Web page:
Successful businesses know their market. Walmart excels because it caters to people who want the lowest prices. Apple has fans line up for days before the new iPhone releases because Apple makes technology simple. So the most fundamental step for any business is to identify the audience of their product or service. The process of identifying the customer and what the product represents isn’t just for you, but for your entire team to know to the “T.” This is called your customer avatar, and in this post, we take you through the 4 W’s of identifying the customer, their need, and the way you’re going to thrive as a business.
Who is your client?
The first thing you want to define before doing advertising is your customer avatar. This is your archetypal customer – your product may be the best in the world and you want everyone to have it, but you need to first identify your perfect customer because if you serve everybody, you serve nobody.
Once you know who this person is, you can write stories that appeal to them. It’s not enough for a sales page to simply list the benefits of a product, you want to angle towards a certain buyer – the person you had in mind when you created your product. You can, of course, have multiple avatars down the road, but each will have their own story and write up, so it’s important to define one individually.
This is information you can hand off to other members of your team and provided you did your work, they will know exactly the right customer. They may even know people in person who fit the description. So really dive in deep.
If you haven’t yet, write out who your customer is right now. Is it male or female? What are their interests? Do they like camping, sports, are they more a family man? Do they ideally have children? If so, how many kids do they have? Does your customer have debt? Do they run in the rat race or are they a fat cat? What are their values? There’s nothing too descriptive for this
Where does your client hang out?
Once you have an idea of who this perfect customer is, you need to identify where this person hangs out. So let’s say you’ve identified a middle-aged father who works in the corporate world and wishes he had more time for family. The next question is where does he spend his time? And this applies both on and off the internet.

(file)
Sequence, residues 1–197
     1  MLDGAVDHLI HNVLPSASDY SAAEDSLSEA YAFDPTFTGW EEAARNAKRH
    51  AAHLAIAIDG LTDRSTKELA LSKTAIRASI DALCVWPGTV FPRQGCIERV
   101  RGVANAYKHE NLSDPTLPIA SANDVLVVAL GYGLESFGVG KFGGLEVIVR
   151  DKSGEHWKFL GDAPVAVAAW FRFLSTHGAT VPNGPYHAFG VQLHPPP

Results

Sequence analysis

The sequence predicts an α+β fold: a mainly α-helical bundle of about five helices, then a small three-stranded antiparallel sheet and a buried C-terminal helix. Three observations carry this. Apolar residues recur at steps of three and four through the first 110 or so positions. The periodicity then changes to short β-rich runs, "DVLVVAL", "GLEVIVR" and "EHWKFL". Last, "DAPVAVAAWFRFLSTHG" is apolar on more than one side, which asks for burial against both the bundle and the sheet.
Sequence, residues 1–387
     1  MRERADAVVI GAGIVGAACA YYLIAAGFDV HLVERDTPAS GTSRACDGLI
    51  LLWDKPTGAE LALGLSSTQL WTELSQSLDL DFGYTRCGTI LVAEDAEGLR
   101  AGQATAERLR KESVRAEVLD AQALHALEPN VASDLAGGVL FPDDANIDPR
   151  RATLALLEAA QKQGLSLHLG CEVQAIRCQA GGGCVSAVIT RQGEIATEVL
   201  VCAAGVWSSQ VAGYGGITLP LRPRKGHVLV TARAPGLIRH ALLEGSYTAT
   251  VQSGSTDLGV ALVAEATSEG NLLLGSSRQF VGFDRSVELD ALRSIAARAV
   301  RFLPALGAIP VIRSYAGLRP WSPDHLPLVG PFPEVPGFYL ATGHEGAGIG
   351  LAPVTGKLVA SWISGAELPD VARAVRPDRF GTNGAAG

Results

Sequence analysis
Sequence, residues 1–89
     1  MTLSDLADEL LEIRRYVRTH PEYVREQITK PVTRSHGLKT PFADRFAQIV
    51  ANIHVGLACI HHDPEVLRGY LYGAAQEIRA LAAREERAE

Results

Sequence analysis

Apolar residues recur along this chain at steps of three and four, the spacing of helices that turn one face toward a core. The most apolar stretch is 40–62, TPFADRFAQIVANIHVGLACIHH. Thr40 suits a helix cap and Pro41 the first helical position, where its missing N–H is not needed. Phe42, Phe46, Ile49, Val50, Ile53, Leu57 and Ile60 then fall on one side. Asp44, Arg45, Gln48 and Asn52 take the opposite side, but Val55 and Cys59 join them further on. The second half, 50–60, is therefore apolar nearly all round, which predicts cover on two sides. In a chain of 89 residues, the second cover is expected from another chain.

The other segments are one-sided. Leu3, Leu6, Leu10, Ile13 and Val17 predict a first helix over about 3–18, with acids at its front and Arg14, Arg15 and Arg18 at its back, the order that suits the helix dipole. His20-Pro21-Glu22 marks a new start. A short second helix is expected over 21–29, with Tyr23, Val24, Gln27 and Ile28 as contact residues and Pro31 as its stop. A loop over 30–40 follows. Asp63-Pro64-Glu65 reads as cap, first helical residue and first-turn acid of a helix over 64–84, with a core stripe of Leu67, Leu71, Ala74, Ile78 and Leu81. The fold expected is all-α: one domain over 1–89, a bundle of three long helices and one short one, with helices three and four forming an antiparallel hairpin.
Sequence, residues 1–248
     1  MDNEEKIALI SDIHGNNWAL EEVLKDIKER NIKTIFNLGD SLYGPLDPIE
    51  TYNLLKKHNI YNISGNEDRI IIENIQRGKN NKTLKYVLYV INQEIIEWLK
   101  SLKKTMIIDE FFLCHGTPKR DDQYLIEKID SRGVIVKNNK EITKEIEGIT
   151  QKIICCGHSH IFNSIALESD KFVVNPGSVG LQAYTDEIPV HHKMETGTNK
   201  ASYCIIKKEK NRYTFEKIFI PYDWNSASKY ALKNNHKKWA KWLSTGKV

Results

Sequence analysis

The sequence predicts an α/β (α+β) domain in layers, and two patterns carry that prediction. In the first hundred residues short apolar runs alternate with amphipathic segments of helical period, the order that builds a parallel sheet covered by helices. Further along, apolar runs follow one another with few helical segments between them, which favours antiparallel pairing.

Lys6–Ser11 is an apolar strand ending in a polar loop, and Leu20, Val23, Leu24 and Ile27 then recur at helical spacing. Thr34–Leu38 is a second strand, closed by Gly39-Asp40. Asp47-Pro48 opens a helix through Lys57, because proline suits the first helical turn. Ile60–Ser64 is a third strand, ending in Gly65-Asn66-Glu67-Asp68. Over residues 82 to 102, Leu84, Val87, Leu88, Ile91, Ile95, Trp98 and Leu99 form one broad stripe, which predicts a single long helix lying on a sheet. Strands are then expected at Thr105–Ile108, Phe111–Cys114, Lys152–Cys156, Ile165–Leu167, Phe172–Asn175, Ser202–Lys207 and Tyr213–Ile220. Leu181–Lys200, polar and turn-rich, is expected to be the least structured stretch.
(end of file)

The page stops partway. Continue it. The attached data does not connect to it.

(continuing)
Chances are a father who wants more family time won’t be seen on the golf courses, bars, or in cigar lounges. Rather he would be found at the schools, family-friendly restaurants, and Chuckee Cheeses’.
After his kids are in bed, he likely spends time with his wife – but doing what? If they watch movies together is it romantic comedies or adventure?
Now think about online presence, too. Does your avatar focus a few hours on stock trading to bolster his income? If so, he’s probably on stock trading websites and reading financial news. If he has even a modicum of tech know-how you can bet he uses the regular social media, and here you want to specify what channels of social media. If he’s a family guy focused on more family time, your customer probably isn’t on Twitter, although he may be on Linkedin from time to time due to his corporate background. Most likely he’s on Facebook for the social aspects, he may even use Instagram to post pictures of his kids. This is relevant not only for interest but planning your ad strategy.
This is more the same diving into the details we disccused previously, but regarding location. It may seem arduous, but you can use these interest to target your customer with laser precision once you start advertising.
What does your customer want?
Simply put, where is your customer now and where do you want to take them with your product or service? For the guy who wishes he had more family time, extrapolate on why – he wants to be happier of course, but how come? Does he want to be the father he never had? Consider the benefit and angle it the right way.
If your product was a cup of coffee, you wouldn’t want to pitch it to this man as “get more done during your work day”, because he’s not concerned about that. The proper angle would be “keep your energy up while you’re at home”, where he would see the coffee as an asset to his family life.
Next, consider the negative side; include what he might lose if he doesn’t find more family time? He may not be able to see his kids grow and miss their life events, their kids might not know their father, etc. In this scenario, the negatives become quite heavy, but that’s what makes your product so compelling and important! The more you’re able to articulate the why in your advertising, the more your customer will trust you. Likewise, speak to them like it’s 1:1, a personal conversation.
At this point consider imagery as well – if something symbolically represents your customer situation make sure to mark this down. In terms of Facebook advertising, less text does better, so the more you can convey the customer’s need using imagery the better
If you take the time to detail the who, where, what, & why of your customer, you’ll be on your way to a successful business. This is the make or breaks for all advertising, so it shouldn’t be rushed through. Take your time and do it right. Once you’re done, you’ll be ready for the next step of our 101 of marketing: the funnel. If you want us to let you know as soon as the next step is released, share your email below and you’ll be the first to know.
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